Given so many PC choices, are customers finding satisfaction? According to a new report, the answer is yes -- in part because of tablets.
The report, the annual edition of the American Customer Satisfaction Index or ACSI, said that customer satisfaction with personal computers is at an all time high -- 80 on a 0-to-100 scale. ACSI interviews about 70,000 customers for its annual report, which also investigates satisfaction with other consumer equipment, such as TVs and dishwashers.
2.6 Percent Higher
The score of 80 for PCs is 2.6 percent higher than the previous high point of 78 in both 2010 and 2011. ACSI said that the PC category includes tablets along with desktops and laptops, because when customers were asked about PCs, they often included tablets in their responses.
Claes Fornell, ACSI founder, noted in a statement that "the recent stall in demand for desktop PCs comes in conjunction with a surge of interest in small, mobile computers" that are ultrathin or lightweight. He added that the increase in this year's satisfaction score for PCs "is driven, in part, by the higher levels of customer satisfaction that tablets enjoy over desktops and laptops." As tablets become even more popular and increase their market share, Fornell said, overall PC satisfaction is expected to continue rising.
On an individual maker basis, satisfaction with Apple's desktops, laptops and iPad slipped 1 percent to 86, although this is still five to nine percentage points higher than most of its competitors.
Dell's customer satisfaction increased 5 percent to 81, but, as the company increasingly focuses on business markets, its share of the consumer market is shrinking. ACSI said this pattern -- more satisfaction, smaller market share -- was also found for other major Windows machine-makers.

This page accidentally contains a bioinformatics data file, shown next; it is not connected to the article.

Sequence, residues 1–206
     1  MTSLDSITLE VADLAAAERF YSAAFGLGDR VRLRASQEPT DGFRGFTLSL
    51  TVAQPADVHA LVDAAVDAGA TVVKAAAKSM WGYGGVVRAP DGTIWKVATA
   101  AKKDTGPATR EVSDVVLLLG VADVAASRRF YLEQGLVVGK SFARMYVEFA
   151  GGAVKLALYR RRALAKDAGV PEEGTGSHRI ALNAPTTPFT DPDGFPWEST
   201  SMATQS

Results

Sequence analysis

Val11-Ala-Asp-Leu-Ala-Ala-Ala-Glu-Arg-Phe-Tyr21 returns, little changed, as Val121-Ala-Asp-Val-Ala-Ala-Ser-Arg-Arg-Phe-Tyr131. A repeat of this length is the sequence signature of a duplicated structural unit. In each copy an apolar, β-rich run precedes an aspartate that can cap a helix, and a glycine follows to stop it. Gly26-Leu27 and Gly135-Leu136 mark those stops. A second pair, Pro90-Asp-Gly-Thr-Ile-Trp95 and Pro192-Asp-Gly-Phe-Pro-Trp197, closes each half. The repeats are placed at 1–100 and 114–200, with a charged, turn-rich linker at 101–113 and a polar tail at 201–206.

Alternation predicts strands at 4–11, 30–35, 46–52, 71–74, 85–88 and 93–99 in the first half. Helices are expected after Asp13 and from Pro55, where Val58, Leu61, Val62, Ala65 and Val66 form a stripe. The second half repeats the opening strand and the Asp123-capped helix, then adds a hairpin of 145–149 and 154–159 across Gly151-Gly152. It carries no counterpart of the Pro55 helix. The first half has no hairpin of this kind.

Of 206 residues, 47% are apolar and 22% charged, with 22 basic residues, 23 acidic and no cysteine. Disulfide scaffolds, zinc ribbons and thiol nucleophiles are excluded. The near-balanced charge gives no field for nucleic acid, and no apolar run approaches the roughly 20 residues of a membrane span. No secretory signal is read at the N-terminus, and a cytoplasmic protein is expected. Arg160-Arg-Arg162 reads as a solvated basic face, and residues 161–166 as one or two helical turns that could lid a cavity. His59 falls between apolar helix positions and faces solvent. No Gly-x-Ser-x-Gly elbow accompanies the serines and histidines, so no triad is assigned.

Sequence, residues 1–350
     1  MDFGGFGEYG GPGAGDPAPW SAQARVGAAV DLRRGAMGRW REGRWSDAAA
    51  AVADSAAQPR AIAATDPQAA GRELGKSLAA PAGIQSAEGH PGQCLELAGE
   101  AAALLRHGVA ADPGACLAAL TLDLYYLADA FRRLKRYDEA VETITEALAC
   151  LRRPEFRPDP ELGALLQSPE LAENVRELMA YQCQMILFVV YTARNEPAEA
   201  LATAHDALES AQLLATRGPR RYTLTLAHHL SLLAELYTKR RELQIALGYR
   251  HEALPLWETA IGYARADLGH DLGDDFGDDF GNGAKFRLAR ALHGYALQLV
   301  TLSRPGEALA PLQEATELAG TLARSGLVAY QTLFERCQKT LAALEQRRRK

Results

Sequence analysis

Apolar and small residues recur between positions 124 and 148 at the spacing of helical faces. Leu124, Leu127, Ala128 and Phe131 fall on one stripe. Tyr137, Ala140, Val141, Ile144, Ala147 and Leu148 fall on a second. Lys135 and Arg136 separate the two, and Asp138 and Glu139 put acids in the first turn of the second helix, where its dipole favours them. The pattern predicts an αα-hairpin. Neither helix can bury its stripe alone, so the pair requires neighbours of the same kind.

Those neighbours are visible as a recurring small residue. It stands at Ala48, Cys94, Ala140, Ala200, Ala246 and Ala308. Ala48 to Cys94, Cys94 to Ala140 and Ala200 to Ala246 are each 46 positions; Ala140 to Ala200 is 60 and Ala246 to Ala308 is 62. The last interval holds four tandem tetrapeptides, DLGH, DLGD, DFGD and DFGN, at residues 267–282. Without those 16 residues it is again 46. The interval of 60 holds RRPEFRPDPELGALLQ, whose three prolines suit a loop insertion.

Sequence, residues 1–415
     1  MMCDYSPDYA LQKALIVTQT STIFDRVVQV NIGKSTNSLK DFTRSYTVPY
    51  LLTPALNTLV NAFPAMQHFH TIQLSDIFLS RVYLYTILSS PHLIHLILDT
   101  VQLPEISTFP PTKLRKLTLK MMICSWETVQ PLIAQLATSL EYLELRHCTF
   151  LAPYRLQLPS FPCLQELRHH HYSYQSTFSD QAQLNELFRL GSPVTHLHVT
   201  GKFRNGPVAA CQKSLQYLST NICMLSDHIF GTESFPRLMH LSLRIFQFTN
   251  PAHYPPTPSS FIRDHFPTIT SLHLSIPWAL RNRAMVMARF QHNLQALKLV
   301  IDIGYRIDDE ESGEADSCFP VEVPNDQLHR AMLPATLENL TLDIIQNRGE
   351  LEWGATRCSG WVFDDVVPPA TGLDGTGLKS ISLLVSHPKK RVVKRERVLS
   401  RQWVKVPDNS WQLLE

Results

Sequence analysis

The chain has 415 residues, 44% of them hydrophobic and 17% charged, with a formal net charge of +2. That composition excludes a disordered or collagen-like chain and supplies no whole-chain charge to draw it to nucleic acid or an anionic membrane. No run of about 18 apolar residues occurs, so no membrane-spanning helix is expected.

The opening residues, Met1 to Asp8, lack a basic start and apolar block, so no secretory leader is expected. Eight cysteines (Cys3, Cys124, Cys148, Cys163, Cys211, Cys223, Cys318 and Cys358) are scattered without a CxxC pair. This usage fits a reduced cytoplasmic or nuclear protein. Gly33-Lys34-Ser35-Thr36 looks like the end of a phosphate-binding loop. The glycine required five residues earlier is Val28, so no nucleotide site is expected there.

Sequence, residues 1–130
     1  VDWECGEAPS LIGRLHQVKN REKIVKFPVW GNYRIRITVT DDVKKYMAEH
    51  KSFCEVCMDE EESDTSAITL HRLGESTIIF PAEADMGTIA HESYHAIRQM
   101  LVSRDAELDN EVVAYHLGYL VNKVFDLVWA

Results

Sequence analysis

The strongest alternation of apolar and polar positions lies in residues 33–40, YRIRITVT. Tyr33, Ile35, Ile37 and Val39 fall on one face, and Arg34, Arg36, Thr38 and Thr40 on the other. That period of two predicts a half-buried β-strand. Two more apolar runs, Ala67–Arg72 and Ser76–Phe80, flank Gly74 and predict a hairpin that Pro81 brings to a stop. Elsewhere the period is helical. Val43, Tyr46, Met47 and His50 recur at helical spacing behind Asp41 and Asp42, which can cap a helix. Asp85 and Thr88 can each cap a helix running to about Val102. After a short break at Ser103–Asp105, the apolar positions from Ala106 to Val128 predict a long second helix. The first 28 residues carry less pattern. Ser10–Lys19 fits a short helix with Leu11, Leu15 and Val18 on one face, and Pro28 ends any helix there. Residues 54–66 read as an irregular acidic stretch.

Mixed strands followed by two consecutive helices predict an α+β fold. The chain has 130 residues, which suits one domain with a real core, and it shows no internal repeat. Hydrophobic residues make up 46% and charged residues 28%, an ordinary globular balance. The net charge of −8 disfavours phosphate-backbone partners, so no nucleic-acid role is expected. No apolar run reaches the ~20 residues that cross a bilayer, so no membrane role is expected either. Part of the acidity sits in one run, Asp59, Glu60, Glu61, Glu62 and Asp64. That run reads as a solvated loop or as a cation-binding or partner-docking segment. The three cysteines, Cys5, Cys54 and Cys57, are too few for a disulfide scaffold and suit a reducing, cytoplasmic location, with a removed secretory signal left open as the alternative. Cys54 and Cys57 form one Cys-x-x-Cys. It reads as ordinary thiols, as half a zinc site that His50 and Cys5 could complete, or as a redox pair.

'Not Reinventing the Wheel'
Hewlett-Packard, for instance, notched up 1 percent to 79, while its PC shipments fell 13 percent in the third quarter compared with the same time last year. Acer gained 3 percent to 79, but its shipments dropped 14 percent. Similarly, Toshiba has a debut satisfaction score of 77, while its shipments have fallen 20 percent year-over-year.
But the smaller PC makers, including tablet-makers Samsung and Amazon, increased their customer satisfaction by 4 percent to 80, while gaining market share.
Fornell said that what appears to be happening is the least satisfied customers of traditional PC brands, such as Dell, HP, and Acer, are moving to Apple and smaller makers, thus "boosting customer satisfaction for all." He said "the companies that lose market share will maintain their most loyal and happy customers, while those who migrate to other companies" for newer products are also happier.
Laura DiDio, an analyst with Information Technology Intelligence Consulting, said this booming satisfaction with personal computers is reflected in surveys about hardware reliability. The current generation of PCs, she noted, "are not reinventing the wheel every time," and even tablets are "taking advantage of existing technology."
DiDio pointed out that "there used to be a clear differentiation between desktops and laptops" in terms of the capabilities that satisfy owners, but that is rapidly vanishing. Tablets may also soon become blurred with laptops, as Windows 8's touchscreen orientation leads to a variety of hybrid tablet-laptop convertibles.